The last two years, I had awesome explanations for how I was actually aging backwards. That ended this year.
This year, I turned 29. In itself, not a bad thing. But it’s 29-with-an-8-week-old-daughter, which is 45 in parent years. Many of my friends are in their 30s, but they can all sleep easy knowing I’ll always be older than they are.
The Spawn is two months old now, which means she’s ten pounds and smiles and laughs. Her gift to me was seven straight hours of sleep. It was the first night since she was born that I didn’t have to get up to feed her at least once.
So while I might be older than ever, I’m terminally behind on life, and I’m in a constant state of exhaustion, I could be feeling a lot worse.
I was gonna wait to write a post until I could write something that wasn’t about fatherhood. But everything’s about fatherhood these days, so that’s retarded. I think instead I’ll just run down some highlights from the last month.
-People won’t tell you if your breath stinks, if your fly is down, or if your boss is standing behind you while you rant about what an asshole they are. But they’ll tell you in a second how to raise your child.
-Before I had a kid, I would listen to people who had kids. They would say things like “I wish I could find the time to work out.” And I would secretly think to myself “You have the time, you’re just prioritizing sleep. Cut out an hour of sleep from your schedule, you have the time. It’s what I do. If you wanted it badly enough, you could make it a priority, and you could work out.” Dear people who had kids I secretly thought that about- I am so, so sorry. Please forgive me. Love, Ben.
-The Spawn rolled over at the age of 7 days. No, she hasn’t repeated it since. But we put her on her stomach and she flipped the hell out and did a push-up at the same time her legs spasmed and over she went. It counts. My child is a genius. Alert Yale.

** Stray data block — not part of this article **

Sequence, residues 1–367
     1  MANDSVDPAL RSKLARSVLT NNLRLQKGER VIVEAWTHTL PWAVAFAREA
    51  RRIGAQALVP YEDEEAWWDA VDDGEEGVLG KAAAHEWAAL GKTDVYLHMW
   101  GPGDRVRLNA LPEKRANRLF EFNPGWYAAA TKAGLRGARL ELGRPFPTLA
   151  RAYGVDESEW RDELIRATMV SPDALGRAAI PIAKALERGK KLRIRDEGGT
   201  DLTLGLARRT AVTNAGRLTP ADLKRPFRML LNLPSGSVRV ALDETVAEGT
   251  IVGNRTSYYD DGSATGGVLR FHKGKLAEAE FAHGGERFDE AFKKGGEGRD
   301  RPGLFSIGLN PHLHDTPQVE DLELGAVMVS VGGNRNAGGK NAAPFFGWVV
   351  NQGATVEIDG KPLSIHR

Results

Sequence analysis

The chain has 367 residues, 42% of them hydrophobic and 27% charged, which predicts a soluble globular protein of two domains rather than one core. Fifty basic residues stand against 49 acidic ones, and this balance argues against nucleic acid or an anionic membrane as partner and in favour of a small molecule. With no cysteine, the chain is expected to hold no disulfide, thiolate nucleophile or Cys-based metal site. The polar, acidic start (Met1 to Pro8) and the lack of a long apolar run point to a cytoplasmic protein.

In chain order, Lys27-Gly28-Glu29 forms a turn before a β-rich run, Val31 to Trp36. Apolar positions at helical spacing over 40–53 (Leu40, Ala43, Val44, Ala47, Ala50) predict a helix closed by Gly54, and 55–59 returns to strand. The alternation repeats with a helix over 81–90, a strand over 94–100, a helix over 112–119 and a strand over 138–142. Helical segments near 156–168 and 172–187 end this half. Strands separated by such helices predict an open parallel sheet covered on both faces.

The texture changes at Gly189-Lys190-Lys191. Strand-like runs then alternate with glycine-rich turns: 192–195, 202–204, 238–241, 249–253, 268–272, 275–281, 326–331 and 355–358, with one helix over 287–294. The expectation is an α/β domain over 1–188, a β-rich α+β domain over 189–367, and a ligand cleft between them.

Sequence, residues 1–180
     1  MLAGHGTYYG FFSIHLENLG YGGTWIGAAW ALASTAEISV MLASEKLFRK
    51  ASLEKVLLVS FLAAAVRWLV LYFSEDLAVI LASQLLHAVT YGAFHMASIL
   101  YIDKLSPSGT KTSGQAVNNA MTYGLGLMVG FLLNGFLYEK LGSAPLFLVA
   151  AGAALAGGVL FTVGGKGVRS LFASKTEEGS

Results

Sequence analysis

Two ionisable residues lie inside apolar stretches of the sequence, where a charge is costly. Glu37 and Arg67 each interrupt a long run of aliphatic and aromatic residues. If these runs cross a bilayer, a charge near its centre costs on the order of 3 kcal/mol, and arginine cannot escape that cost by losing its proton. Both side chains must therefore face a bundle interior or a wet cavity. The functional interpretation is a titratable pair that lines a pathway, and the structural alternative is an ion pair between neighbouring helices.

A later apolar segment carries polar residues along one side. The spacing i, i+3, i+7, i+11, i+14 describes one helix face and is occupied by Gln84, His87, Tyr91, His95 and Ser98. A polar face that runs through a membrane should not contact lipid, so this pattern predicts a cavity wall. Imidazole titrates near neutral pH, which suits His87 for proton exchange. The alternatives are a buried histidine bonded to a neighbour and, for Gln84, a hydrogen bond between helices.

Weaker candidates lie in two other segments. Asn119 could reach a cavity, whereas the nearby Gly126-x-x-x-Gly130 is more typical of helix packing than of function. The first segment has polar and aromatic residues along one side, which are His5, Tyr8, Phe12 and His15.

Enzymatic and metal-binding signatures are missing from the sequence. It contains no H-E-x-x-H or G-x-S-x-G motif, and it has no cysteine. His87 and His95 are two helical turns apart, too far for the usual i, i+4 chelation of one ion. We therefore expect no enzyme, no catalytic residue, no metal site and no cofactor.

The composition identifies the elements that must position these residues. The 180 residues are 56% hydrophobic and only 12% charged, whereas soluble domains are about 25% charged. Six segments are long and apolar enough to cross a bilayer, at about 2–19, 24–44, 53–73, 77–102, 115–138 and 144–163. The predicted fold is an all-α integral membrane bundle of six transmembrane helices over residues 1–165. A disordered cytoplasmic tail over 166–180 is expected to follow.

-In the last week she’s discovered how to scream in her sleep. She’s not unhappy. If you go over to the crib, she’s got both eye closed and isn’t moving at all. But she’ll scream. In her sleep. She gets this shit from The Wife.
-A lot of parents write some sort of letter to their child every month. I guess I could do that, but even if I did, it seems weird to post it in public. Also, I managed to work as hard as I think I ever have in advertising, while still having to get up every 3 hours to feed The Spawn. My feelings on this are mixed. On the one hand, now I know I can do it. On the other hand, ouch. So, I put this post up instead, and that’ll do for now.
My wife is resting in a hospital bed across the room, and I should probably be doing the same. Then again, this is the last day of my life as a not-parent. I feel like I should say something about it.
I won’t ever be the person I am tonight again. My priorities, my focus, my entire approach to life will change once my daughter is born.
What’ I’m saying is, this is sort of a Big Deal.
If she’s born tomorrow, that actual date won’t hold much importance to her. Beyond using it as proof of identity, I don’t attach any real emotional significance to what happened on June 20, 1983. June 20, 1996 was pretty great. And 2004 was epic. But it never occurred to me until tonight what that birth date must mean to my parents. To me, it’s cake and presents. To them, it’s the day their son was born.
That’s really pretty awesome, in the original sense of the word.
If the first chapter of my life was growing up, and the second was independence and marriage, tomorrow or the day after will clearly begin the third chapter. So, here we go. I expect the next post will be the one introducing my daughter.
End Chapter 2.
It’s gonna be nothing but baby posts from here on out.